Freedmen's Bureau Records: W. Storer How to Orlando
Brown, October 5, 1865
How recounts his organization of his sub-district, and gives a general evaluation of the condition of former slaves, including their developing relations with whites.
Bu. R. F.
& A. L.
Sixth Dist Va Col. O. Brown
Oct 5t 1865
I have the honor to report that this District is now organized and officered as follows:
Sub. dist "A" comprises the counties of Rockbridge, Botetourt, Alleghany & Bath; Lt. C.J. Tubbs 58 Pa Vols Asst. Supt., Office at Lexington, Rockbridge Co. Va.
Sub. District "B" comprises the counties of Augusta & Highland, Mr. F. S. Tukey Asst. Supt., Office at Staunton, Auga Co Va.
Sub. Dist. "C" comprises the counties of Rockingham, Shenandoah & Page. Lt. D.A. Smith, 193 N.Y.V. Asst. Supt., Office at Harrisonburg, Rockingham Co Va.
Sub. Dist. "D" comprises the counties of Frederick, Clarke and Warren; Mr. J. H. McKenzie, Asst. Supt., Office at Winchester, Frederick Co. Va.
Sub. Dist. "E" comprises the counties of Jefferson & Berkely; Lt. John Olmstead 193d N.Y.V. Asst. Supt., Office at Harpers Ferry, Jefferson Co. Va.
I have had personal interviews with the several officers commd'g the [unclear: military] districts and sub-districts
embracing the counties assigned to me, and received assurances of their
assistance and co-operation in the promotion of the objects of this Bureau, and
arrangements have been made for the distribution of troops
in the best manner their limited numbers would allow, for the support and protection of the Asst. Superintendents.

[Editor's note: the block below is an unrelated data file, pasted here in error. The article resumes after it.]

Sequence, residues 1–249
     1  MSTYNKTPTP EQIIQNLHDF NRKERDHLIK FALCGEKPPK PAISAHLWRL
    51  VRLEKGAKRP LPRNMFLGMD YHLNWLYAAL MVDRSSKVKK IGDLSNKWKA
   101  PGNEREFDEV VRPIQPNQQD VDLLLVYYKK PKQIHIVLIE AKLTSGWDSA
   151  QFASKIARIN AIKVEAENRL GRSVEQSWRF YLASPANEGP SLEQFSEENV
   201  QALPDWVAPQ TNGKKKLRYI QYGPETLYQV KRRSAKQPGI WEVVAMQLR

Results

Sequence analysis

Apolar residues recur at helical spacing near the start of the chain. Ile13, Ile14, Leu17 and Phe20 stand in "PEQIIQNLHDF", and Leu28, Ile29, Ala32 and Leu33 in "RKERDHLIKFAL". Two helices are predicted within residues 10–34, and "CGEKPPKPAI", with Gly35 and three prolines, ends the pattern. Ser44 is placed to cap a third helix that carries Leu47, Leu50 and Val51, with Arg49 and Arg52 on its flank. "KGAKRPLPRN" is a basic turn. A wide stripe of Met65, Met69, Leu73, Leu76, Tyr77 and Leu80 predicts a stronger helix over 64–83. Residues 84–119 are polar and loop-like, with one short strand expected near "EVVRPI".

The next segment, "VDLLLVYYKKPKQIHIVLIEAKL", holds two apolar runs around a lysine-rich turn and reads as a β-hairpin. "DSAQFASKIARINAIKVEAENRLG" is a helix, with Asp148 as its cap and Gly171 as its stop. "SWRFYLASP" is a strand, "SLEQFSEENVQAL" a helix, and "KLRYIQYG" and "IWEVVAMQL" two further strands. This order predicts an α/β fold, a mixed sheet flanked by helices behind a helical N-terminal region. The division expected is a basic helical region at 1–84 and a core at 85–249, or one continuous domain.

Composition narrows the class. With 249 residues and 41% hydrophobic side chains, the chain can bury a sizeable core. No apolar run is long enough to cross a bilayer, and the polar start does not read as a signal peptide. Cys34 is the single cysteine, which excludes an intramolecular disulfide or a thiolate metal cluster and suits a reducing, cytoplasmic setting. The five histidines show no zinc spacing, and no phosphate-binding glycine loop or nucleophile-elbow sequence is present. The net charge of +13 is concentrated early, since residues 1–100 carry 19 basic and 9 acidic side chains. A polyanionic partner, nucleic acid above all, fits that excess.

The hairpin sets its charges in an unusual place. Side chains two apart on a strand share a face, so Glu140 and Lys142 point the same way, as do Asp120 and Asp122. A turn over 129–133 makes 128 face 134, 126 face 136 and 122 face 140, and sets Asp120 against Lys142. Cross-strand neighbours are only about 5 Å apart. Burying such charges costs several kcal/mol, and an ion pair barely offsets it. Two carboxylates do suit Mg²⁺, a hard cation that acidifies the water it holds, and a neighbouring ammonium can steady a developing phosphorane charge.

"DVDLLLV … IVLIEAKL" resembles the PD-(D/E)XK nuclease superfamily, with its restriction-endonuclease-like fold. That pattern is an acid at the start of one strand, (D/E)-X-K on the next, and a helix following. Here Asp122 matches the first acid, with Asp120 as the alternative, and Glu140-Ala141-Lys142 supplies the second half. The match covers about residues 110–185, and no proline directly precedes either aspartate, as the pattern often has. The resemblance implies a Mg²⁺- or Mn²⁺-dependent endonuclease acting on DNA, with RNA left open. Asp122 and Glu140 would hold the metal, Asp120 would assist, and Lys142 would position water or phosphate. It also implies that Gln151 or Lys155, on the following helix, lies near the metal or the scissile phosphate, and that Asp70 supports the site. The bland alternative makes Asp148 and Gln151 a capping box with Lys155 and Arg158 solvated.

The Freedmen are generally at work, and for able bodied men, the demand exceeds the supple. Women with 3 or more little children find it difficult to obtain employment and there is no authorized system of apprenticeship by which such children might be permanently provided for, and the mother disincumbered, be able to support herself. Cases of this kind are comparitively infrequent, but difficult to meet when they occur, because there are no vacant habitations accessible in this District and the cases are distributed on a [unclear: territory] which from its extent and difficient communications render relief establishments impracticable.
There will be numbers of infirm and helpless freedmen, besides some among them who were called "free negroes" for whose support some local provision must be made, and I again respectfully suggest that the local authorities, as overseers of the Poor may be made to take care of them -- as they best can for the inhabitants will then have a personal interest in the matter and permit the use of vacant cabins, which they would now rather burn than have them occupied under the auspices of the "Freedmens Bureau" --.
The Freedmen are rapidly becoming familiar with and accustomed to their new
relations to the whites, and give encouraging evidence that with facilities for
education, and unobstructed entrance into fields of labor and business
they will soon cease to be regarded as an incubus upon the state or as subjects for the tutelage and guardianship of everybody, particularly those whom they already surpass in patriotism.
I am Colonel
W. Storer How
Capt & AQM
Supt. 6th Dist Va.